Faculty Profiles

Faculty: In Their Own Words - Dr. Ray Vander Zaag

Faculty: In Their Own Words - Dr. Ray Vander Zaag

Dr. Ray Vander Zaag, Assistant Professor, International Development Studies, has taught at CMU full-time since 2000.

What do you love about your work here?

I love learning and researching about topics that are interesting to me. Being a professor means learning about thought-provoking topics and then teaching others about them. To me it's crucial to have an idea of what's important and engage students with that idea. I find it exciting when my students and I find interest in the same things. A part of me likes to think I helped them discover a passion for that particular subject matter.

What are you researching and writing?

My research has been about faith-based Non-Governmental Organizations (NGOs). I've done about 20 interviews with staff of faith-based NGOs in Haiti and I'm in the process of analyzing and writing about what I've learned through those interviews. The research I'm doing has a lot to do with what the organization's role is, what they do that's distinctive, and what they contribute, from the perspective of the people actually working in those organizations. I first started to learn about development when we lived in Haiti for nine years.

What are you teaching right now that you're most excited about?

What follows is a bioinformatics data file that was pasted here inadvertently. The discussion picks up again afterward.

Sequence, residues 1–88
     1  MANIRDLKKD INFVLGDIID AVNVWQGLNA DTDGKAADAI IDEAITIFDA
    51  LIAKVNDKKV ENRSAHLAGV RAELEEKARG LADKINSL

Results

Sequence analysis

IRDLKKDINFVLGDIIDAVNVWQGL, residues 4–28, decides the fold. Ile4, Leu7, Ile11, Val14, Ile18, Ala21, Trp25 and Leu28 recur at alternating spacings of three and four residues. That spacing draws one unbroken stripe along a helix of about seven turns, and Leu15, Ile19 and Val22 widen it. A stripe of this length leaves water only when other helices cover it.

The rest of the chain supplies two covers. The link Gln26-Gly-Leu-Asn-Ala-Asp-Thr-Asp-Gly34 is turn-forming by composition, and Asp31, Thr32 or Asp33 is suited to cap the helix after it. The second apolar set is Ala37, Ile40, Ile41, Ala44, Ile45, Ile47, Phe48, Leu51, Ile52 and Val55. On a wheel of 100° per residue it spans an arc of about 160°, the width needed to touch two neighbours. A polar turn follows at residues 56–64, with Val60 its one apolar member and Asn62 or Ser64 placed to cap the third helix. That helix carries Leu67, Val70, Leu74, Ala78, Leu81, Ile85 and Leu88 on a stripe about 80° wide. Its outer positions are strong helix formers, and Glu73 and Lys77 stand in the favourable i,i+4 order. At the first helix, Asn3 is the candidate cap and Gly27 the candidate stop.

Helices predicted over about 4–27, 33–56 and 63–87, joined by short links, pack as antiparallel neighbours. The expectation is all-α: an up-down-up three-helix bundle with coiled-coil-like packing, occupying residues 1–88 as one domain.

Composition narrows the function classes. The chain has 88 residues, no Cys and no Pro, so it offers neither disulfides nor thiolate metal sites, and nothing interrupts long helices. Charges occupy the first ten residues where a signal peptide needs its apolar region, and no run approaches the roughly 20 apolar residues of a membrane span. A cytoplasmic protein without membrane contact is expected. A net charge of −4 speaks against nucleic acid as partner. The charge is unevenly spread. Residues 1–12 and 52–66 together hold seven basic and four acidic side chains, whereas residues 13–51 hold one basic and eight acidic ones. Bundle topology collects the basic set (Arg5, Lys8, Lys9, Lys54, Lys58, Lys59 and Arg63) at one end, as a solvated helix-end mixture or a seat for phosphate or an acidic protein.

I'm teaching a second year International Development Studies (IDS) course called Rural Development. My background is in farming, I have a master's degree in crop science, and the first work I did in Haiti was in a rural development project. Most students don't have a sense of rural farm life anymore, so it's exciting to share and explore those ideas. Most of the poorest people in the world are rural people, so it's important that students understand rural life in order to more fully understand international development work.

Where or how do students give you hope?

The fact that my students are different from me, but still think about the same things I thought about at their age and continue to wrestle with them is what really gives me hope. When you work with students and let them express their agenda, you always have good conversations—even if sometimes you disagree.

What are you reading for enjoyment?

I'm reading a book called Haiti Will Not Perish by Michael Deibert. It describes the last 20 years of political history in Haiti. The country gets a lot of attention in the news, so it's nice to step back and get an analysis of the country's history and try to understand why life is still a challenge for many people there.

What do you most long for in your work?

I long for discipline. I want to be more disciplined in my reading and teaching. I also want students to live by the foundations of Christ through CMU, despite all the "distractions" that are in the outside world. I want them to see, feel, and experience those core perspectives of mercy and love and find ways to bring these into their everyday lives.

What saying or motto inspires you?

"You can't help people you're not in relationship with." The thing that struck me most about working in Haiti is that if there's no trust or connection, then it's really hard to help someone. Then you're helping someone out of guilt or a position of power, but once you get into relationships and ask questions and listen and have dialogue, it becomes meaningful and genuine.

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